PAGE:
Spokesman for the department of communications, Siya Qoza, has said that the decision to use encrypted set-top boxes in SA will not sideline local black business – as claimed by Namec – and has criticised the industry body of aligning itself with the pay television “monopoly” that is Multichoice.
Qoza aired his views in an opinion piece in today’s (20 April 2014) Sunday Times, where he disputed claims made my Namec’s Keith Thabo and Vijay Panday that broadcasters – including smaller community broadcasters – would be forced to use the set-top box control system.
“The cabinet decided in December that broadcasters would be free to decide whether they wanted to use a control system or not. Those who want to use the system will also pay for it,” said Qoza.
“Their claim that their channels ‘could become unaffordable or inaccessible’ is absurd. Why would the Department of Communications do anything stupid like that, which goes against our mandate?”
Qoza said countries like Tanzania, Malawi, and Namibia were already using similar “hybrid” set-top boxes, whereas countries like Mauritius had gone the non-encrypted route and had been flooded with “cheap imported converters that do not function adequately”.
He also refuted claims that local black businesses would suffer because of the decision to use a control system.
“The department is committed to ensuring that emerging black manufacturers benefit from the production of the set-top boxes. But we cannot support the narrow interests of one section of emerging black entrepreneurs.”
Qoza went on to criticise Namec and Multichoice’s joint stance against set-top box control.
“In June 2012, all stakeholders, including MultiChoice, agreed with the new control system standard. But since those amendments don’t meet the narrow business needs of these Namec leaders, they now insist the whole process be simply ignored. If the policy is so wrong, why would the industry regulator, Icasa, fully support it, as have major black business organisations?”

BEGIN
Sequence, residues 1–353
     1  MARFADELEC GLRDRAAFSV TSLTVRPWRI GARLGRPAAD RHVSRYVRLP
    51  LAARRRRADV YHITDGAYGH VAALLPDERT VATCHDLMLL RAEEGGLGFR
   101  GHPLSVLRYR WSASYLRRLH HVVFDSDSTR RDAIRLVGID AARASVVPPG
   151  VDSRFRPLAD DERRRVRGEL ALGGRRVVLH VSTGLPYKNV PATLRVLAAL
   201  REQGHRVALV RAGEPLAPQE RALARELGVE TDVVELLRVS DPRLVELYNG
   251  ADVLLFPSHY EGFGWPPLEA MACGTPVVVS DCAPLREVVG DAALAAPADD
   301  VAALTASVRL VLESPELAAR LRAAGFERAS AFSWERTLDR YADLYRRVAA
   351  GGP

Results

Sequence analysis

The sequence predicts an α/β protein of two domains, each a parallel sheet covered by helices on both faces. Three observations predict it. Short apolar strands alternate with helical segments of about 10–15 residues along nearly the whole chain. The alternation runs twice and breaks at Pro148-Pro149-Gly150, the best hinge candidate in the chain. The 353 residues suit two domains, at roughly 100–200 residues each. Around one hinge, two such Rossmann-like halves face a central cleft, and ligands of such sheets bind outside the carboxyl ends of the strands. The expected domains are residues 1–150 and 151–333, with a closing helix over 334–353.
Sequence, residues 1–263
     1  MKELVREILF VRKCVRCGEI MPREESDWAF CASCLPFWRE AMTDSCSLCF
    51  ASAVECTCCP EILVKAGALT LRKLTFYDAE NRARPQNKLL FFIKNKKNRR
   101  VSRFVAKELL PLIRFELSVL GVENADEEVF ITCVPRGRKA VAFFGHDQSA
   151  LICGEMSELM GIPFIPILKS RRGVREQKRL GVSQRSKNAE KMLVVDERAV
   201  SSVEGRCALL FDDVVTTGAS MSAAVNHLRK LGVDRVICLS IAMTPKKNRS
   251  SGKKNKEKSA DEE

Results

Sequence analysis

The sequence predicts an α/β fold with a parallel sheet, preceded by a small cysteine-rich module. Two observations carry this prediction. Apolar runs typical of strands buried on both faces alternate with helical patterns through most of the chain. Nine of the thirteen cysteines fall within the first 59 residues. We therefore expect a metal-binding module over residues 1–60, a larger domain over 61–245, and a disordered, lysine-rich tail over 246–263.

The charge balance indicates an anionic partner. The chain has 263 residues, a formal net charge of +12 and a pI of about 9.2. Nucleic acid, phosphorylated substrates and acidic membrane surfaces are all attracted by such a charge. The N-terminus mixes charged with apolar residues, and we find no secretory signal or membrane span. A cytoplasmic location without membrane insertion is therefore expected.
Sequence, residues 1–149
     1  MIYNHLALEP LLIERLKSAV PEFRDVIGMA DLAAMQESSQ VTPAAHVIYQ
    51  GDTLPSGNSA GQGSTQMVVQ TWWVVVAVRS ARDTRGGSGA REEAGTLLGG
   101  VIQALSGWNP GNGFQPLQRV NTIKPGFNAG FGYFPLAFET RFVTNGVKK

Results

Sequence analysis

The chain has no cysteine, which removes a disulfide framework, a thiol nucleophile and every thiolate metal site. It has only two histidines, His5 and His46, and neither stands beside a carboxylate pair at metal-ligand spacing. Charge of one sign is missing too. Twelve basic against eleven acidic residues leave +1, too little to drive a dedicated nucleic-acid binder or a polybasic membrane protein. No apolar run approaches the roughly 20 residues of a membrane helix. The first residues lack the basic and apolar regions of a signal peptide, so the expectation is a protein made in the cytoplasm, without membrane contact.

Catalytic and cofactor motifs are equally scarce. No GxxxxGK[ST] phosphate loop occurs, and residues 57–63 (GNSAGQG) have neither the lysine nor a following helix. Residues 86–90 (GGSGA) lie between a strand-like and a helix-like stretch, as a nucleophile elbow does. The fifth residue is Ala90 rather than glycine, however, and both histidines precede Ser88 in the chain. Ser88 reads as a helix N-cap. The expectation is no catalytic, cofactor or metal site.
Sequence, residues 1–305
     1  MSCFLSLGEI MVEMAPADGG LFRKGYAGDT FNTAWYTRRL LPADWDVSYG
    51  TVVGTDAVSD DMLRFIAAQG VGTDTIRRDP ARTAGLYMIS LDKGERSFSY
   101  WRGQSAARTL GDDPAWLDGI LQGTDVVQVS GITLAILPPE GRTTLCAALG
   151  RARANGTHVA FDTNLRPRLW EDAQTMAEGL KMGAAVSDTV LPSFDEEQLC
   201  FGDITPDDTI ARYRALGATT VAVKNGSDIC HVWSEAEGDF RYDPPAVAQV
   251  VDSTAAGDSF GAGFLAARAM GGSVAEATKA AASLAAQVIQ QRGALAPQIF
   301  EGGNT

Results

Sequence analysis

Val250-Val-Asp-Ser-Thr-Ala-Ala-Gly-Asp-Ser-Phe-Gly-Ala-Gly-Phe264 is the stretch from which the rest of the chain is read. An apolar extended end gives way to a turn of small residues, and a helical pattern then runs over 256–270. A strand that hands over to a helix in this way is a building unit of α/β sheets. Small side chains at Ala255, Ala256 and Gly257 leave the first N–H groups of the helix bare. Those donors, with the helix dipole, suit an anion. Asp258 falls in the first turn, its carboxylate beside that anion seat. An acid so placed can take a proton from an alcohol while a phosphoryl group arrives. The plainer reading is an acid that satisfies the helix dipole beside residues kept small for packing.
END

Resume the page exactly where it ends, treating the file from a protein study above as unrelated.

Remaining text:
“If these association leaders are actually serious about black empowerment, why are they not focusing on MultiChoice’s 98% monopoly on pay television?” said Qoza.
Digital TV fight
The issue of so-called “set-top box control” has divided South Africa’s broadcasting sector into those that support it, led by E-tv, and those that oppose it, led by MultiChoice (DStv, M-net).
A set-top box, or STB, is a decoder-like device that all South Africans who currently receive their TV signals with a standard antenna will need to buy when the country migrates from analogue broadcasting to digital terrestrial television.
In an effort to resolve the feud between the broadcasters, the Department of Communications proposed policy amendments that would let broadcasters decide (and pay) for themselves whether they would like to use the features offered by STB control, such as encryption. Cabinet approved the policy amendments towards the end of 2013.
However, the policy amendments did not remove the requirement to include a control system from the South African National Specification for STBs sold here.
Since then, a war of words has erupted between MultiChoice and its supporters, and the Ministry of Communications over the STB control issue.